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Thursday, October 15, 2015
The mountain ash is a small tree, reaching 25 feet in height on the most impressive specimens. What it lacks in stature it makes up for in terms of its beauty and its importance to local wildlife.

The fruits on a mountain ash tree are an intense red and found in clusters.
(BOB CONFER / ENP CONTRIBUTOR)
As its name implies, the mountain ash (which is not an ash but rather kin of hawthorns and apples)
frequents mountains. Abundant in cooler climes and stony, yet rich soils of Ontario, Quebec and Maine, we find that New York is at the southern edge of its range. Nonetheless, it can be found in good numbers across the Adirondacks and at some of the higher elevations of Allegany County.

As for Niagara County, it naturally occurs, and only in small numbers, in and immediately around the Niagara Gorge and the escarpment, which have some mountainous traits. You are more likely to encounter it in backyards and in the woodlots near them (the latter is where birds contribute to their planting through their droppings). It is an extremely popular ornamental, as many people, including this author, plant them to accent the appearance of their lawn.

They are sold at many local nurseries and are also available on the cheap every spring through the Niagara County Soil and Water District’s annual sapling sale. They have proven to be popular because of their small size and the showy fruits that last from September until March – or when songbirds consume them. The fruits on the American version are an intense red and they are found in large clusters. The Eurasian version – also known as the Rowan tree – has orange fruits.

Those fruits aren’t poisonous, but that doesn’t mean you should make it a point to eat them. They aren’t especially flavorful. They are heavy in tannin, which gives black tea its flavor. Thus, the pulpy berries tend to be too bitter for consumption. Some folks counter that by making jellies and marmalades from the fruits while some adventurous souls make wine out of them.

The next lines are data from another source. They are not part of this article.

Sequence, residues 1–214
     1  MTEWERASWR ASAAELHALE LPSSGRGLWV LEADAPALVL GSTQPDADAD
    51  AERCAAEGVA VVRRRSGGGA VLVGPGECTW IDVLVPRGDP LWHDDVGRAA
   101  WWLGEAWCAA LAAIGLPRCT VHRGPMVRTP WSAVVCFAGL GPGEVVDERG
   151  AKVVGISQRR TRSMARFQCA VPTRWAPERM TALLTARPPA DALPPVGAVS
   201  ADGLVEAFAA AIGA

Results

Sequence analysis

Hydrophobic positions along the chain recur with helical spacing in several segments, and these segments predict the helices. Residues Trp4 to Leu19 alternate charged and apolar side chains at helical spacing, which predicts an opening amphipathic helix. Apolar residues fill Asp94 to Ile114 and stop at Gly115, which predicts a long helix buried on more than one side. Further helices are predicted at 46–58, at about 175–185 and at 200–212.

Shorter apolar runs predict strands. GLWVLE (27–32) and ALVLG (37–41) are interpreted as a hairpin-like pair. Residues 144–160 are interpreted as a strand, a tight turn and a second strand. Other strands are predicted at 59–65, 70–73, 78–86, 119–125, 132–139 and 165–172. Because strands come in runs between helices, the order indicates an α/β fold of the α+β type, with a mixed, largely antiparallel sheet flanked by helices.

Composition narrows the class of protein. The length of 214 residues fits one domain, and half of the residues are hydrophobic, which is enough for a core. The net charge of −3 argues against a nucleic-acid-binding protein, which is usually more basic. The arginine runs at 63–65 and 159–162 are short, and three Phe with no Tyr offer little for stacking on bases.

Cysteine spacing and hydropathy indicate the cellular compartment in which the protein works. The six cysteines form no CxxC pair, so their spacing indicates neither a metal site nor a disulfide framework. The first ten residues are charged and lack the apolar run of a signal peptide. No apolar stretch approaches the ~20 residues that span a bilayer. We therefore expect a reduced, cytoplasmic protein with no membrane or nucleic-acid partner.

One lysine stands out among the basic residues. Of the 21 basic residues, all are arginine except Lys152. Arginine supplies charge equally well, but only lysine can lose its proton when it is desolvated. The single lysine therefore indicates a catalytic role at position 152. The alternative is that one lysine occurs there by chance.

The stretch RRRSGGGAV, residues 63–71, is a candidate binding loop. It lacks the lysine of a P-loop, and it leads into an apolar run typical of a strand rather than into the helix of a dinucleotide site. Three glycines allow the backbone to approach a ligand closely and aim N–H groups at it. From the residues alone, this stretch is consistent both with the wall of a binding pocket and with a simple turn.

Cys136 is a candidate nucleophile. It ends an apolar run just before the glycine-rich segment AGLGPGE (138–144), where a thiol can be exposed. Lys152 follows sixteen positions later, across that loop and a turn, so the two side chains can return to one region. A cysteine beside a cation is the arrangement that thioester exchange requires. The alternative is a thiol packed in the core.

While people won’t eat the berries, animals will – and they love them. Grosbeaks, robins, waxwings and other berry-eating birds will browse on them all winter long. Deer will nibble at low-hanging berry clusters while turkeys and grouse will eat any that have fallen. In many a hard winter, birds are blessed to have access to this high-energy food.

For that alone, you should consider mountain ash as an addition to your lawn. I am a big fan of growing trees and shrubs that are natural to the area and contribute to the health of local wildlife. This lovely tree certainly fits the bill.

Bob Confer lives in rural Gasport where he has 4 mountain ashes – and hundreds of their berries – in his backyard…like a natural bird feeder. Follow him on Twitter @bobconfer or email him at bobconfer@juno.com




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